Date of Graduation


Document Type


Degree Type



Statler College of Engineering and Mineral Resources


Mechanical and Aerospace Engineering

Committee Chair

James E. Smith.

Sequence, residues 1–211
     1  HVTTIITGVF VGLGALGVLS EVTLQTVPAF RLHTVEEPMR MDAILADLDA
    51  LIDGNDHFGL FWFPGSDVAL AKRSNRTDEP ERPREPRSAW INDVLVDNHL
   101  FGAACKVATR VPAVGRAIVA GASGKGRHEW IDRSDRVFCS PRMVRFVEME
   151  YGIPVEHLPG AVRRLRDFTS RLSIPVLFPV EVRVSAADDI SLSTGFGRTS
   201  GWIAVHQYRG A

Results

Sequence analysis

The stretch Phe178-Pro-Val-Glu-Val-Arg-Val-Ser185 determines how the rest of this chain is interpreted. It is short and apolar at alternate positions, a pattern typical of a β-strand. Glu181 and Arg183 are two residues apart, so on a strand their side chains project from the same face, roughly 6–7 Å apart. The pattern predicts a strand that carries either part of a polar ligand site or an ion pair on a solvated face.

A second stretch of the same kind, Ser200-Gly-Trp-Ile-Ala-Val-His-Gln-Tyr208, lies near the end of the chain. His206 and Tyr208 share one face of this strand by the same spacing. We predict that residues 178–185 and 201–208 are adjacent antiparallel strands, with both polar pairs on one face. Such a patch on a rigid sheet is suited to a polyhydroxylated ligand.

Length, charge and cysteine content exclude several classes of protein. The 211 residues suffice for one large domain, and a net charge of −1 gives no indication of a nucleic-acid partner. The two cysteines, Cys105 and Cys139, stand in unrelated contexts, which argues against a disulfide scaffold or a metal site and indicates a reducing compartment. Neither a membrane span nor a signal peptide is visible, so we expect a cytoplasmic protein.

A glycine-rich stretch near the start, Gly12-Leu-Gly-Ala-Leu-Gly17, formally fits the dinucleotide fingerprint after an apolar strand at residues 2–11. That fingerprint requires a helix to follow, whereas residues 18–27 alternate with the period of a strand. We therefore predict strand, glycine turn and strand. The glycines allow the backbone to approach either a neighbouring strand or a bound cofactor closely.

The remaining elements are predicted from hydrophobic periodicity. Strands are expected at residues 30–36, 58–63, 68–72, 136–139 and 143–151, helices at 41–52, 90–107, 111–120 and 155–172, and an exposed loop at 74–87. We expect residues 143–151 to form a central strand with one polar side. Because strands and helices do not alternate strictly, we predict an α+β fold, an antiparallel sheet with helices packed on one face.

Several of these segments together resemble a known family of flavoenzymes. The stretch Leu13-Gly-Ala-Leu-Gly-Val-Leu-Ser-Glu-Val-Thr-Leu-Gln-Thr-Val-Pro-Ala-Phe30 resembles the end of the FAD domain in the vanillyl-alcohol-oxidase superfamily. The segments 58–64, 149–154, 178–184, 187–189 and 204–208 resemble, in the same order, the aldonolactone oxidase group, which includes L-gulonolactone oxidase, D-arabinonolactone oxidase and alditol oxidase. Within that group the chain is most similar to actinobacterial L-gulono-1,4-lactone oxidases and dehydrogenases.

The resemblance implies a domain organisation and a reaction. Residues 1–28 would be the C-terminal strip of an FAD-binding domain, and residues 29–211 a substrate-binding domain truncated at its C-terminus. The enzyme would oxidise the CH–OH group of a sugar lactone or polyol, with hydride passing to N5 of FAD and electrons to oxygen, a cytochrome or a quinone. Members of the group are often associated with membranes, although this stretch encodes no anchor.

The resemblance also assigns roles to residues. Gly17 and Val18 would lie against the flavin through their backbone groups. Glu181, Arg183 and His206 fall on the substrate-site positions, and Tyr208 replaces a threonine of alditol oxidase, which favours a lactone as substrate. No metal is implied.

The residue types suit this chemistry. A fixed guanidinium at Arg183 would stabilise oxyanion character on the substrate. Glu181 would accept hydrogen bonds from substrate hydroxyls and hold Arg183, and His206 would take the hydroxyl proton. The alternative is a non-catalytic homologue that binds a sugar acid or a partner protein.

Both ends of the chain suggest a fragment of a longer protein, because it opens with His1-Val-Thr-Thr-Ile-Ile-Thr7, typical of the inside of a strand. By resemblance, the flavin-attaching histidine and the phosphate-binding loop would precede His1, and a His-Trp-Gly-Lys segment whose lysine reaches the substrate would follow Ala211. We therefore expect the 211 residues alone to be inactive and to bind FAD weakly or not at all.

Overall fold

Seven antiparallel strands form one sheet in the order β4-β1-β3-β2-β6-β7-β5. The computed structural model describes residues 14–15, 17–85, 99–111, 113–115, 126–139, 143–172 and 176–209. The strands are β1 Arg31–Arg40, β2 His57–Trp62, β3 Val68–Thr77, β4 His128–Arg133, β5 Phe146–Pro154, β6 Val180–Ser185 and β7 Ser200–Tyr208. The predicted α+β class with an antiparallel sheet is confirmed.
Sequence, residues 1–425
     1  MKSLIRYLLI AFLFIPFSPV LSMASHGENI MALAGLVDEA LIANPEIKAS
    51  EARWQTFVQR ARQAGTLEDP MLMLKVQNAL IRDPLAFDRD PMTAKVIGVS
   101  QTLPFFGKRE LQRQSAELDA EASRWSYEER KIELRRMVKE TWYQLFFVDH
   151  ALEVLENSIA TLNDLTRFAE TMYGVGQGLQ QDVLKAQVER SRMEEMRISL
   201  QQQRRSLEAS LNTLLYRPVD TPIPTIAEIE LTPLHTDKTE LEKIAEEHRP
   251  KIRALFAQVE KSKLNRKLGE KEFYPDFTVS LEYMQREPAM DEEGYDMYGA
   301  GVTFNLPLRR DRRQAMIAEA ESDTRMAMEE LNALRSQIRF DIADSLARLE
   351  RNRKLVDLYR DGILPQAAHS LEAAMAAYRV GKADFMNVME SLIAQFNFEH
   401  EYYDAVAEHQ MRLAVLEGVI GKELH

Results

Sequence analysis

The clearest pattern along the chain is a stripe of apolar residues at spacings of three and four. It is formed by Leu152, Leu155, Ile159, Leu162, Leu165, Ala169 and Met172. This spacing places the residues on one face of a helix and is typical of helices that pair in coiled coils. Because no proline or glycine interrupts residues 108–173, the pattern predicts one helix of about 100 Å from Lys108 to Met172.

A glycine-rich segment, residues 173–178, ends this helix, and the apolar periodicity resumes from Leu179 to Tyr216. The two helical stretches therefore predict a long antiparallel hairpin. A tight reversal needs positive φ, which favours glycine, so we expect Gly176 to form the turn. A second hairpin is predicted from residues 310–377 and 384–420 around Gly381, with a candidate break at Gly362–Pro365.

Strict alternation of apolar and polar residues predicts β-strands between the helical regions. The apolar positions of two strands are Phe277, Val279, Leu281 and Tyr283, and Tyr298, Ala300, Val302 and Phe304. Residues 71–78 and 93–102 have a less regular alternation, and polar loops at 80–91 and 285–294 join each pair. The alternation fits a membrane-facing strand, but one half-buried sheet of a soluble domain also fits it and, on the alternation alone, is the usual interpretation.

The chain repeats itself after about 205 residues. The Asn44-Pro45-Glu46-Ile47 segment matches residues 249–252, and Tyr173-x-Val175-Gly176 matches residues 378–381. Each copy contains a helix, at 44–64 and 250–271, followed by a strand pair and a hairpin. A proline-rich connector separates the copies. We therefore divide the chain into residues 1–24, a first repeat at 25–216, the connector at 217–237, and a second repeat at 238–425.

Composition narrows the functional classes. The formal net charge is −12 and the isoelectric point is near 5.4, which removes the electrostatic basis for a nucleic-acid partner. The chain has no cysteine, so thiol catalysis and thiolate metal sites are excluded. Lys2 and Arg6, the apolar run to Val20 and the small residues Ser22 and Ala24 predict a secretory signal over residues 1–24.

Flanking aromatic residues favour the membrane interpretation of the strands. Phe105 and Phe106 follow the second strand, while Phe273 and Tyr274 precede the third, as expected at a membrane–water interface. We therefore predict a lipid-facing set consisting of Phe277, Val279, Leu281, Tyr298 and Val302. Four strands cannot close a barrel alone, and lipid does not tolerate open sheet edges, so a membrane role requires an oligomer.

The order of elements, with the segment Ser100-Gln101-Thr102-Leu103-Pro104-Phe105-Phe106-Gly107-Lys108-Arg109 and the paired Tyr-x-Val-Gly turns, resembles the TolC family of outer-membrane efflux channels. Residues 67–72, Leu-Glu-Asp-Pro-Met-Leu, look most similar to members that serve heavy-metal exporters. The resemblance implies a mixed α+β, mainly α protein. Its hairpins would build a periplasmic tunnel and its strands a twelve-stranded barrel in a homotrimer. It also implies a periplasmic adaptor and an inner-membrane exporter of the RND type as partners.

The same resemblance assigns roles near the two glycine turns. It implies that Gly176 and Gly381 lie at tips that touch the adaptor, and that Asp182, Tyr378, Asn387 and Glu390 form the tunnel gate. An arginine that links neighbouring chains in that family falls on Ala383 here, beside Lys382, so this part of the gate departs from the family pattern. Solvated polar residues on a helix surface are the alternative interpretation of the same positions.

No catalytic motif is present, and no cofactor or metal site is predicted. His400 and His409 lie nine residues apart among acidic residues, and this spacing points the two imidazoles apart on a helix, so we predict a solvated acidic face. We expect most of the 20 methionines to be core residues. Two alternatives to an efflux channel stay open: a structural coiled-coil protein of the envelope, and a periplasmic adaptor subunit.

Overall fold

The Department of Defense (DoD) and the United States Army National Guard (USARNG) have sponsored West Virginia University's Center for Industrial Research Applications (CIRA) to design, fabricate, test and optimize an articulating, mechanical arm/pod system. The mechanical arm/pod system will be designed to accommodate a 500-pound sensor payload deployable in flight from a C-130 Hercules military aircraft used for counter narco-terrorism efforts. During the overall deployment (translation and rotation) of the mechanical arm/pod system and in the final resting position for optimal operating conditions for the data acquisition sensors (DAS), the mechanical structure will be subjected to a variety of forces and vibrations from numerous sources.;Once a frequency range with assigned magnitudes is established, a formal vibration analysis will be conducted utilizing the Finite Element Method (FEM) and Modal Analysis with Pro-Engineer and Pro-Mechanica. The natural frequency modes for the mechanical arm/pod system will be computed in the x, y and z directions with three different geometrical configurations of the structural cross-member supports. Modifying the structural cross-members will affect the stiffness of the overall system, which in turn will vary the natural frequency range. Consequently, the goal is to design the mechanical arm/pod system as a function of mass and stiffness in order to increase or decrease the natural frequencies of the system to ensure resonance occurs outside the general vibration profile generated from the Rake test and to ensure adequate dampening of the vibrations occurs within the sensors' vibration tolerance values to ensure optimal performance.